Now I’m listening to BBC criticize the United States and the UK for creating the refugee “crisis” in Jordan and Syria. Ahh, right, I see, the refugees who fled Iraq because fellow Iraqis were killing them or threatening them with death had nothing to do with it. Or is it that maybe Al-Qaeda’s efforts to foment sectarian hatred were successful, that Sunni attacked Shia, the Shia returned the favor and off the rfeugees went to escape retribution. Or, maybe it was the Shia deciding to kill Sunnis who they saw as the supporters of Saddam. Hmmm, maybe many of the refugees in Jordan and Syria are Saddamists and Baathists who are not welcome in Iraq now. Many of the most-favored former regime members who escaped are now in Jordan and Syria because as Sunni they are welcome, and as Baathists, they are welcome in Syria.

So, how is it here after 5 years? Well, compared to what? Compared to a year ago? Compared to the day after Saddam’s fall? Or maybe we should compare it to the days of Saddam’s rule? The days when people were dropped into shredders for offending Qusay or Uday? Or the days of gassing of Kurds? Or the days of war against Iran? Or death sentences for minor slights against Saddam? The days of Qusay taking girls away from their families for a few days and returning them when he was finished with them? So, let’s compare the situation now to the days of Saddam, the days when the elite were the supporters of Saddam, and the rest of the population had little, except fear and abuse.

So, five years on, was it worth it? Was it worth over 4,000 dead coalition soldiers and many thousands wounded? All the Iraqis who died who might not have died? Well, I guess that depends on whether you thought it fine for the world for a dictator as brutal and vicious as Saddam to continue rather than risk pain and suffering to undo his regime, let him continue or stop his payments to suicide bombers in Palestine and Israel, despair of or hope for democratic governance in Arab states, oppose or support open societies, seek or not care about integrating Arab countries into the global community. Worth it? Yeap. Necessary? Yeap. Overdue? Yeap. Difficult? Yes, but the best things in life are as difficult as they are rare. True freedom is rare, and it is rare.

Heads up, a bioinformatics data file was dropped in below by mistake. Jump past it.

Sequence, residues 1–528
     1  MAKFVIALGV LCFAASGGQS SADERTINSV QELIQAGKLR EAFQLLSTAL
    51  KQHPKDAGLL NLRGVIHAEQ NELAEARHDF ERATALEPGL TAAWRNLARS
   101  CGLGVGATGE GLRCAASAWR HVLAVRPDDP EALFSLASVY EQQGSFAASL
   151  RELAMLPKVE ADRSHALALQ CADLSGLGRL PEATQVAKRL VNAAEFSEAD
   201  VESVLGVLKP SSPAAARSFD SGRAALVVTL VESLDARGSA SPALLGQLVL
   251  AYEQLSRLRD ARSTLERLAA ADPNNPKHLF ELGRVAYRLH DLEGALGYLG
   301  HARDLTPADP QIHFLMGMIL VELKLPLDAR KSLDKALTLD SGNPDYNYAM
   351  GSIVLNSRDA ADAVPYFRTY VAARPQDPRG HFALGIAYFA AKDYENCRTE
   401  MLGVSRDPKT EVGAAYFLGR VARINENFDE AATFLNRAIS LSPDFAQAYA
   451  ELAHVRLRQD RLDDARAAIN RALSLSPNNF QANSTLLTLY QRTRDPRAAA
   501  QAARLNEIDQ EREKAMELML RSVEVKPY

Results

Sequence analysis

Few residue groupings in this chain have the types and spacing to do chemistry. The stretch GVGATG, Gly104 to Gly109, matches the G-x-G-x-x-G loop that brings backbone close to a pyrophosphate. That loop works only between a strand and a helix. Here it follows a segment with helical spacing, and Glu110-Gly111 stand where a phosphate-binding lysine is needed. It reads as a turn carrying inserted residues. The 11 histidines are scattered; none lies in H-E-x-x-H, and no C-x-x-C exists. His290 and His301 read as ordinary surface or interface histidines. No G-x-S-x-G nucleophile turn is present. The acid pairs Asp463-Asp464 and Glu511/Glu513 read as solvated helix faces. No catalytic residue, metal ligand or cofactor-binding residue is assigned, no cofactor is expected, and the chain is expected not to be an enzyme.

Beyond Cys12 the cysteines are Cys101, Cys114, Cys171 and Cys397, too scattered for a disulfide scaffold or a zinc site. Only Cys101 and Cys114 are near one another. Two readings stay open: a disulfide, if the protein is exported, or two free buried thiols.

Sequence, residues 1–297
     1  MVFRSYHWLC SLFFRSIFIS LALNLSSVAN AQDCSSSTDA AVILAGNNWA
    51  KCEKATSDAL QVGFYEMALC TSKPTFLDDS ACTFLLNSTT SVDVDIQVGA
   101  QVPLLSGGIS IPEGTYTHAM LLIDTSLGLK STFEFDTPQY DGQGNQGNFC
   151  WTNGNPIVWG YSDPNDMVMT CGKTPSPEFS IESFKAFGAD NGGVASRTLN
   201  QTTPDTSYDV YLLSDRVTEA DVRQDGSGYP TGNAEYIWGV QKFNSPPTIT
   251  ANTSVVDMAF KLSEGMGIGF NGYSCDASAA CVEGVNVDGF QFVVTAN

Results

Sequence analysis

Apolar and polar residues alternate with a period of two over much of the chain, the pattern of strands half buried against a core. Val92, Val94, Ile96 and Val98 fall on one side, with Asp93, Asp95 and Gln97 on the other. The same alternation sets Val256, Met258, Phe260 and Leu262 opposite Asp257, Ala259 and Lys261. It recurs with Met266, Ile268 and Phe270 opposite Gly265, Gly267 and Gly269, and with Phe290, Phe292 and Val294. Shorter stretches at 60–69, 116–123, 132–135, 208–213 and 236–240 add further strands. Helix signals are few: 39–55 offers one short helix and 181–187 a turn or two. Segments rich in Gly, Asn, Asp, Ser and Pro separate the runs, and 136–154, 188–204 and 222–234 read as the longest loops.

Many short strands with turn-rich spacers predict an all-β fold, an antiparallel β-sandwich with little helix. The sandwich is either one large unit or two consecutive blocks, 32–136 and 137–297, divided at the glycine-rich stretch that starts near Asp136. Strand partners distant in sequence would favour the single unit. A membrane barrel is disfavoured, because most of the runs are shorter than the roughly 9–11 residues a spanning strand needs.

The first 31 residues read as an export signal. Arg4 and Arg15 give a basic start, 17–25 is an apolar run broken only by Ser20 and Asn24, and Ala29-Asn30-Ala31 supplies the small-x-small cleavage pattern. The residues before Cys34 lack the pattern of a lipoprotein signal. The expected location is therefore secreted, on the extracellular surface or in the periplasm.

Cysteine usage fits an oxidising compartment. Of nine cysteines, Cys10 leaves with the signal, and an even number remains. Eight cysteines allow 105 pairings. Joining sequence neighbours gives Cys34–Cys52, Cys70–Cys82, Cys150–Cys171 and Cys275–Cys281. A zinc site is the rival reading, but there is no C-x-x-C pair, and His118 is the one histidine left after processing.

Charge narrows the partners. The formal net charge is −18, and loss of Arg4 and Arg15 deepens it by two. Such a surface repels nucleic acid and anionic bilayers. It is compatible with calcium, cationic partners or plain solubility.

Tuesday, March 18, 2008

5th anniversary and visitors

We've just had a visit from 4 senators and one vice-president. All of this occurs over a very short period of time - our poor management and logistics people were run ragged. By now the news is out in the press: senators Levin, McCain, Lieberman, and Graham were here followed by the v-p.

At the same time, the bad guys have decided it's a good time to launch more rockets, mortars, and suicide bomb attacks. It is difficult to tell if this is a last, desperate gasp or if it is they are stronger than most of us believed. But after five years, no one is going to say that the terrorists are finished, much as we wish they were.

Check out the recent abc/bbc/ard/nhk poll on security and other issues in Iraq. It's fascinating stuff. Not a rosy picture, but an indication that things are improving. Very useful a few weeks before the Ambassador and General Petraeus testify on progress before Congress in April.